The houses on Prospect Street, on Buffalo’s West Side, are quaint. Each of the colonial-style homes are two stories tall, with green lawns, flagpoles and raised patios. They’re also very old, sometimes well over 100 years — back when it was relatively cheap to heat a home.
But that’s not the case any longer.
On a Wednesday morning in September, I’m meeting with DeJesus outside of a home on Prospect. The home, owned by a local family that I was told had a hard time paying their utility bills, didn’t have any insulation. And that’s not an uncommon story in Buffalo.
“These are old homes — so many of them don’t have the proper insulation they need to keep warm during the winter here, so the costs are way more than what you’d normally expect than from newer homes,” DeJesus says.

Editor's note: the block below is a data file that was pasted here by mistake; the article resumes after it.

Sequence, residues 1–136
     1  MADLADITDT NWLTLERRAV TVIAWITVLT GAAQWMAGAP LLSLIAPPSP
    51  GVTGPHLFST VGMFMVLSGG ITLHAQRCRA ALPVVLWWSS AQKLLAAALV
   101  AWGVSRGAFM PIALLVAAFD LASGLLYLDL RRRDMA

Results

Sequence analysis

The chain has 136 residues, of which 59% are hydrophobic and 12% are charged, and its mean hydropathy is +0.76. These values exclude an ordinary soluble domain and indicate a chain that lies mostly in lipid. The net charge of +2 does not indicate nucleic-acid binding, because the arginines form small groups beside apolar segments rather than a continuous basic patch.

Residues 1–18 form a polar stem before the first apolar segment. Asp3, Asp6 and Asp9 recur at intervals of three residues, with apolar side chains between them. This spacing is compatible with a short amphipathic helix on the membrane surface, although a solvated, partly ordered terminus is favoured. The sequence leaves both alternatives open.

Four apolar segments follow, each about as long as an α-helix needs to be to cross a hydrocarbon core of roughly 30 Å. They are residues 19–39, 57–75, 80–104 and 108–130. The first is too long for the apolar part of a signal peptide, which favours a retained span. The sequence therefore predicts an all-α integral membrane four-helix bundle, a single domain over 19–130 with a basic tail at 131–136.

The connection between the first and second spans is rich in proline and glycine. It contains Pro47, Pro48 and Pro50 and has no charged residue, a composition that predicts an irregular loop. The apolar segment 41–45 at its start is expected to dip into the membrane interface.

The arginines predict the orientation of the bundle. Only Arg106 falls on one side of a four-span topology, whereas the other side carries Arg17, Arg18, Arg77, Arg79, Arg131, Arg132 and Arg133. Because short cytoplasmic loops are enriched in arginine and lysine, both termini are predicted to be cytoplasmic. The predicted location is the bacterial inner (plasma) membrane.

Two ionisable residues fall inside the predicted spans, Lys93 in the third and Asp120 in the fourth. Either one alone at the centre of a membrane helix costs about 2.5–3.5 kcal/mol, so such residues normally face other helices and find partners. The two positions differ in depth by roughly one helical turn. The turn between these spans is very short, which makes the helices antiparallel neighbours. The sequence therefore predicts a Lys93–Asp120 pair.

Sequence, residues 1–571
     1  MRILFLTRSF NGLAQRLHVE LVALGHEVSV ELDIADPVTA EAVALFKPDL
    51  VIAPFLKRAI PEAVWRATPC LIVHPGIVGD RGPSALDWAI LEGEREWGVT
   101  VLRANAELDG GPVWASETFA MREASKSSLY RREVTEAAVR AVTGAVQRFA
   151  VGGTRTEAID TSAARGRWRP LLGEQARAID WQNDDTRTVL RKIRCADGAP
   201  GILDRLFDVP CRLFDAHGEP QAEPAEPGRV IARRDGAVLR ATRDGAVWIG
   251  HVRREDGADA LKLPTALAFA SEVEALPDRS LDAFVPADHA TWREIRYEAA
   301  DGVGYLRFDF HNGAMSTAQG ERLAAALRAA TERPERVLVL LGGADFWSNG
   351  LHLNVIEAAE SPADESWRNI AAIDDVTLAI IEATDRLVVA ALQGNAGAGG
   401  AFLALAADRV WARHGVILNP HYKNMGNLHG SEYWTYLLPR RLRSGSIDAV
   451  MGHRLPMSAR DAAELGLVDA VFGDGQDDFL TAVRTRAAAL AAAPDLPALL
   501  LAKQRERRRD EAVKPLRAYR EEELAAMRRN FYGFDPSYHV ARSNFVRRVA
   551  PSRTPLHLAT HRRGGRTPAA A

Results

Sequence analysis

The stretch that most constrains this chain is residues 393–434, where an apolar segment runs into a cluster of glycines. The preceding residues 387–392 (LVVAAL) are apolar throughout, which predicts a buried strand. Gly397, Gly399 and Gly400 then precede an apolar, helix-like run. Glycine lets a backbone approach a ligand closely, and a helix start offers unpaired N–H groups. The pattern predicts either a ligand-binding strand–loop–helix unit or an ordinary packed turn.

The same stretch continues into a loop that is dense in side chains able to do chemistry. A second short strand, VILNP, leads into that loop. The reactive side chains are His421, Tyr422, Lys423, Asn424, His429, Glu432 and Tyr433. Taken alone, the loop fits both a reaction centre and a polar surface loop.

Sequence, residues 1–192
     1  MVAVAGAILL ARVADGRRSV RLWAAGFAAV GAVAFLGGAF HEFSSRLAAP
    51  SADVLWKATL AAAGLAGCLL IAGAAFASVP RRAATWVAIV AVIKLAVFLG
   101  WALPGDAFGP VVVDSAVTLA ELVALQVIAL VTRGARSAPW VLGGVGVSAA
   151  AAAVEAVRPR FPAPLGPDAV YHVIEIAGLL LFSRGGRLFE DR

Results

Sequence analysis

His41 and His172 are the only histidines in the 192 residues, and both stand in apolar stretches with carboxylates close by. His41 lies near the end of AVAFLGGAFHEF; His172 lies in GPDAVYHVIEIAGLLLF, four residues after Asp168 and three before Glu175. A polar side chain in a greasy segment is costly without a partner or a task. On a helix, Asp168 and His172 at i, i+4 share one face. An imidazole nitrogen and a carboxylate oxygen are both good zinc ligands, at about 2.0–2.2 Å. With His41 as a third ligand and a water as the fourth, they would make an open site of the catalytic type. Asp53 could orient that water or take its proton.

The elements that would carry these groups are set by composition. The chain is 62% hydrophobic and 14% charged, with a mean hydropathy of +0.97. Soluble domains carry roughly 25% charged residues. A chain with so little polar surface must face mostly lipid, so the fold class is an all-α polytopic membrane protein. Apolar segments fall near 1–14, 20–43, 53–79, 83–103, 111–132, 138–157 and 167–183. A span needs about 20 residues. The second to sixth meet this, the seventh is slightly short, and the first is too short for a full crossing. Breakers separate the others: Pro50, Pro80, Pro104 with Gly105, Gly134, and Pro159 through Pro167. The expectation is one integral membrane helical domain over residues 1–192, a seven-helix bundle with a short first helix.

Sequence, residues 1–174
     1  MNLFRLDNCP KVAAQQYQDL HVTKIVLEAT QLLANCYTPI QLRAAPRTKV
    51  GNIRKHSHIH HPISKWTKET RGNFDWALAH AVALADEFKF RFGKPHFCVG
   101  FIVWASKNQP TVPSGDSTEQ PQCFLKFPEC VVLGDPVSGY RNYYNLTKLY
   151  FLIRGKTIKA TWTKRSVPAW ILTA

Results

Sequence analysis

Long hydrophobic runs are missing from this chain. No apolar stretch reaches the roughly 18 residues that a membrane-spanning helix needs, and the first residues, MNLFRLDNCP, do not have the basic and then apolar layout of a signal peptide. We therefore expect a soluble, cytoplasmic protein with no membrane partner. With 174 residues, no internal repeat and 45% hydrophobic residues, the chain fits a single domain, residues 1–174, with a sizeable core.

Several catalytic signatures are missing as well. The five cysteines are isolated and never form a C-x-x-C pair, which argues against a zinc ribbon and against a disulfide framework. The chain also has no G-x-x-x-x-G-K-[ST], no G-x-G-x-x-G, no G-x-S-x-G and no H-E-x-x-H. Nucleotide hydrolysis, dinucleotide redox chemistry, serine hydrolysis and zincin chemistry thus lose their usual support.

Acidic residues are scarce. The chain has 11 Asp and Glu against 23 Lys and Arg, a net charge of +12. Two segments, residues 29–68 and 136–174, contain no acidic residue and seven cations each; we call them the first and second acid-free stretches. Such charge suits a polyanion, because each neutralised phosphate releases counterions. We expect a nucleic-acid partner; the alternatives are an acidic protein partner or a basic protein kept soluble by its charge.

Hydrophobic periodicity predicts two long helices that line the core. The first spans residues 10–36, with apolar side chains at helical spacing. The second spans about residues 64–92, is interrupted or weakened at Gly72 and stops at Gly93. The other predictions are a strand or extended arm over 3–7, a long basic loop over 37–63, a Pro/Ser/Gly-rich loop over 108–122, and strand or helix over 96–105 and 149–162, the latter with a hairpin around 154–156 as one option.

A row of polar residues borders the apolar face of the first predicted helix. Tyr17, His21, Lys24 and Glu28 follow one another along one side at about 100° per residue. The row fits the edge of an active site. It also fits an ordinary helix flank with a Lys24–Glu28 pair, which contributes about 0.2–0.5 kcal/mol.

According to National Fuel estimates, since 2015, gas prices to heat a home for five months has gone from $500 in 2015 to an estimated $560 this year. But that’s for energy-efficient homes.
In order to make homes energy-efficient — a process that can include an inspection and attic and wall insulation — it can easily range in the thousands of dollars. And for a number of families in Buffalo, that’s just not a viable option.
The New York State Energy Research and Development Authority offers free weatherizing for families who meet income guidelines that are 60 percent below the state’s median income, but there is little outreach from the state to get families to apply and weatherize their homes.